Kentucky Speedway

Fans become family at NASCAR events

Pattie Dietz, left, of Lawrenceburg, Ind., Dan and Mona Cummins of Paris, and Venus Lanman of Sabina, Ohio, relaxed with Lanman's dog, Lilly. The friends met by chance at Kentucky Speedway years ago but remain close. They attend races, Christmas parties and dinner together.
Pattie Dietz, left, of Lawrenceburg, Ind., Dan and Mona Cummins of Paris, and Venus Lanman of Sabina, Ohio, relaxed with Lanman's dog, Lilly. The friends met by chance at Kentucky Speedway years ago but remain close. They attend races, Christmas parties and dinner together.

Days before Saturday's Quaker State 400 at Kentucky Speedway, racing fans gathered outside their campers in preparation for the track's first Sprint Cup race.

The thousands of campers that surrounded the track resembled a large neighborhood, but one with a common interest.

"We're one big community," said NASCAR fan Patti Dietz. "You've put together the two most friendly, most helpful groups of people — campers and NASCAR fans. If you have a problem with anything, anybody would help you."

That attitude brought Dietz and her group of friends together.

Most of them met at a Craftsman Truck Series race during the Kentucky Speedway's inaugural year, 2000, and their relationships persisted until the track's inaugural Sprint Cup race 11 years later. Dietz joined the group in 2004.

The group started when strangers offered to help Rex Lanman set up his camper.

The other nearby campers joined in, and Lanman said they all "just got to talking."

The 12 friends who hail from Indiana, Ohio, and Kentucky traveled together to six or seven races in years past, including Talladega and the Daytona 500. Their traveling has diminished somewhat, but they're still close.

"We can't do all that anymore. We're getting too old," Lanman said jokingly. "But we all just kind of help each other out and hang together."

Now they all own adjacent spots among the 4,000 in the track's reserved RV area.

Their gatherings aren't limited to racetracks. Since they all live relatively close, Lanman said they meet up "quite a bit" throughout the year.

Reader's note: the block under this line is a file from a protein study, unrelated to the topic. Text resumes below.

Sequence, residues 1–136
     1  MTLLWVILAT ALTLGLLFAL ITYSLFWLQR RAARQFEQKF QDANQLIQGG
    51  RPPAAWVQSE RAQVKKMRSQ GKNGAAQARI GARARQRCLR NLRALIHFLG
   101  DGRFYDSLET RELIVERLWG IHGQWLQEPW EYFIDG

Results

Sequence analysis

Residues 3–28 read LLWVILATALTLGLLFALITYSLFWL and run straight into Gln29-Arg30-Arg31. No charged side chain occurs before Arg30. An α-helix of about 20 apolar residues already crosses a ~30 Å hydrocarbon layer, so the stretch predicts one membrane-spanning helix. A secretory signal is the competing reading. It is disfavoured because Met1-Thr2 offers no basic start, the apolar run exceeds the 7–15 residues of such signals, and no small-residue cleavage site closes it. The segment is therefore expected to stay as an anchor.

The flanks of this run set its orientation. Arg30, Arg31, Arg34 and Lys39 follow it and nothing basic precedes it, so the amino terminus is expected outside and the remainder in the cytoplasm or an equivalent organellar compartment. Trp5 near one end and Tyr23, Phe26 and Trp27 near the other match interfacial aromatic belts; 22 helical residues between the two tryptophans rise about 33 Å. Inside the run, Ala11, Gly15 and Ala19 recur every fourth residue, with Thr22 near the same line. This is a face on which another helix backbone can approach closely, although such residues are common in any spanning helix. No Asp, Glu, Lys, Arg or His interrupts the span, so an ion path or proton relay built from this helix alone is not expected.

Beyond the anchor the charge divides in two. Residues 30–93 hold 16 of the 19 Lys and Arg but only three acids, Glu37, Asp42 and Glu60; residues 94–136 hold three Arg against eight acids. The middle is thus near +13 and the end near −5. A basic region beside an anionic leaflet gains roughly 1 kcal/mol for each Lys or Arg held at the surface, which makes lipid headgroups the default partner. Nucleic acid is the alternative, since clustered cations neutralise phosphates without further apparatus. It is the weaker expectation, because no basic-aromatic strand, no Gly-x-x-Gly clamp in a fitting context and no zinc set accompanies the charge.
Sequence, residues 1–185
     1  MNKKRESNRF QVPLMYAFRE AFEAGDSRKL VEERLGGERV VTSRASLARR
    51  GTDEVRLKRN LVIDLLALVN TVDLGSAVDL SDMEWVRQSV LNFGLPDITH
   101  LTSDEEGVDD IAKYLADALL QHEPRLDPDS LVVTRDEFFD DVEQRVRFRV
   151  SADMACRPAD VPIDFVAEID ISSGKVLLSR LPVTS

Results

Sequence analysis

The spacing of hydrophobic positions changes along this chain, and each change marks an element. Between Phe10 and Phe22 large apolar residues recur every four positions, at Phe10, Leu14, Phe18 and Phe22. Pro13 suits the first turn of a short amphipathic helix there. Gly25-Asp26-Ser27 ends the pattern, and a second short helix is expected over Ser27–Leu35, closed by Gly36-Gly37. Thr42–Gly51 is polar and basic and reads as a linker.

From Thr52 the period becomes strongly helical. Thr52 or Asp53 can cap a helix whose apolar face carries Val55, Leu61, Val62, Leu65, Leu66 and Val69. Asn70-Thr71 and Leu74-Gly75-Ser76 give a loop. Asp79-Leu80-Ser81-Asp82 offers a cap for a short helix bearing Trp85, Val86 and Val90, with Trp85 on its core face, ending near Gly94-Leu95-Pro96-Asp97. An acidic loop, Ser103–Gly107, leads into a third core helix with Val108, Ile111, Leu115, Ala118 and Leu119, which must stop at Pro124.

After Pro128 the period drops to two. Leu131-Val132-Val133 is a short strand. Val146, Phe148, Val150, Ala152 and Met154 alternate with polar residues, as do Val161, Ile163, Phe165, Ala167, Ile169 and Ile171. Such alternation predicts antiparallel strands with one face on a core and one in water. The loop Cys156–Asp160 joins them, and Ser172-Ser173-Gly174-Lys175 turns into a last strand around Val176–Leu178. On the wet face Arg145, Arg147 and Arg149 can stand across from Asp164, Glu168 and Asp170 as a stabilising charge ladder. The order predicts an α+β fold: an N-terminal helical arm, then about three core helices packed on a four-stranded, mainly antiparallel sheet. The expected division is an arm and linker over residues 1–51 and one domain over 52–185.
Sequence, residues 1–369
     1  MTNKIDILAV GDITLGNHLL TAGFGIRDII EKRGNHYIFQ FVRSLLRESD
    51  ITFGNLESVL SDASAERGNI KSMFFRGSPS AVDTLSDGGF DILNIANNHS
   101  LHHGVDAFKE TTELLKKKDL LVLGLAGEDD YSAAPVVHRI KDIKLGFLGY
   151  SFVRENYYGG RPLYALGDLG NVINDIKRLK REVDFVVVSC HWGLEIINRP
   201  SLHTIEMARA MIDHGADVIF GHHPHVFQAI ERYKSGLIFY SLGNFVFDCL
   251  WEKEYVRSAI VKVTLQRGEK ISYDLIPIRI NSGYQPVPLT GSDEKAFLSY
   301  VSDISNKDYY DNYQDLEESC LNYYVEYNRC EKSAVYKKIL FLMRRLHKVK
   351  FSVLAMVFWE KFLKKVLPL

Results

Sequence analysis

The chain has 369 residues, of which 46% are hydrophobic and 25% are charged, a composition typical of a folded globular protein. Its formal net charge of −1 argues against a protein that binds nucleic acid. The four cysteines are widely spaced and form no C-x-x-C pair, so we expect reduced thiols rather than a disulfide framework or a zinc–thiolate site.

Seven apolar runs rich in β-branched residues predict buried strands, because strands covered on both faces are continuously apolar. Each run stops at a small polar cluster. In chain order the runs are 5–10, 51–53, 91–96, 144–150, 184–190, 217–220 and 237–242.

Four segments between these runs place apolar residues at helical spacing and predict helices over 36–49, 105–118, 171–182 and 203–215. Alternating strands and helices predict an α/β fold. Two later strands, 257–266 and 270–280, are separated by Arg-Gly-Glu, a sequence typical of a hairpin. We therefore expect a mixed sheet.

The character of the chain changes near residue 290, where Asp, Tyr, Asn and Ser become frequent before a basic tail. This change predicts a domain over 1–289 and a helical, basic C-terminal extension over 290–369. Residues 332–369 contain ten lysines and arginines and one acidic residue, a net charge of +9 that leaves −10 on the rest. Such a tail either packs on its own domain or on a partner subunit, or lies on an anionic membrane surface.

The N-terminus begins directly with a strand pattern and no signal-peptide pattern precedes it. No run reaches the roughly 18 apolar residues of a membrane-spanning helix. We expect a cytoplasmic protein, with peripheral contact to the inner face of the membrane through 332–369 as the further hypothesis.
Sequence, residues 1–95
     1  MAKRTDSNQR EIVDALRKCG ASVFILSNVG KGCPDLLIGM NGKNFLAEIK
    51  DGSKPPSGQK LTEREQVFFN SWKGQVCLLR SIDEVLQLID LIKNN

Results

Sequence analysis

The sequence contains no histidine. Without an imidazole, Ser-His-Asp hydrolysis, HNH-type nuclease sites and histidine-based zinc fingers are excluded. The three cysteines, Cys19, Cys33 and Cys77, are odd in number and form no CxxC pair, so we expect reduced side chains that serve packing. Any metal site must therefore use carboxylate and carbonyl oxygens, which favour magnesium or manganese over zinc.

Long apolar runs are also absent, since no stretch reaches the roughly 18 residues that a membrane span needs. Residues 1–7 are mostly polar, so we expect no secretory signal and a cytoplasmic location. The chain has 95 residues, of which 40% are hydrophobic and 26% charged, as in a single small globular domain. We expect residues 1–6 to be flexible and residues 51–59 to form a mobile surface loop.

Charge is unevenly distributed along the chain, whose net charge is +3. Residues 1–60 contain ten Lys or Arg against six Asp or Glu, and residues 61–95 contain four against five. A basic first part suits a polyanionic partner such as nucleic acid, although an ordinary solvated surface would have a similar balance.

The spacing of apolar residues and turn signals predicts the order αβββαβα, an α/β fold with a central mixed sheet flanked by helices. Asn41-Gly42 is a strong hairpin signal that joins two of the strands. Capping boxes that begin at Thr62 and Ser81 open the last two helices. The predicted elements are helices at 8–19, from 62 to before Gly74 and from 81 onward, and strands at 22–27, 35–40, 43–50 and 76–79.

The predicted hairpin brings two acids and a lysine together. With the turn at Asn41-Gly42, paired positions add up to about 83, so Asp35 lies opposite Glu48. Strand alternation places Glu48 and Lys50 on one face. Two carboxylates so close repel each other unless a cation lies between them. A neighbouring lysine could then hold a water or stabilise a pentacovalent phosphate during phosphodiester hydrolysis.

They get together for Halloween and Christmas parties, and sometimes they arrange to meet up for dinner.

"We're family now," Lanman's wife, Venus, said.

Campers Todd Tuttle and Ken Stinson, both of Youngstown, Ohio, enjoyed that same camaraderie NASCAR fans create.

Stinson and Tuttle said they and their six friends were in good company, including a local sheriff who stopped by to hang out.

"Everybody's nice," Tuttle said. "We have our stuff out here unlocked; nobody's going to take it.

"We drove the 5½ , 6 hours, and we'd do it again."

Friendly fans still give each other a hard time occasionally. Most campers have different favorite drivers, and they fly flags or put up some decoration that advertises their favorites.

"The more intelligent ones are Earnhardt fans," Rex Lanman said jokingly. "The less intelligent ones are Gordon fans."

That comment caused some impromptu ribbing amongst his friends.

"That's what makes it fun," he said. "If we all rooted for the same (driver), it wouldn't really be much fun. Now we can tease each other and give each other a hard time about their driver."

Some, such as Chevrolet fan Walt Whitacre, of Garrettsville, Ohio, choose their favorite drivers based on the car. Others go by the driver's sponsor. Tuttle said choosing a favorite is the fun part of the sport.

"It's all about the personalities now — picking your favorite driver, going by the merchandise tent," he said.

But even differing opinions on drivers can't divide NASCAR fans as sometimes occurs with fans of players or teams in other sports.

"It doesn't matter if you don't know someone, you still help them out," Rex Lanman said. "You may give them a hard time the whole time, but you still help them out."

Related stories from Lexington Herald Leader

  Comments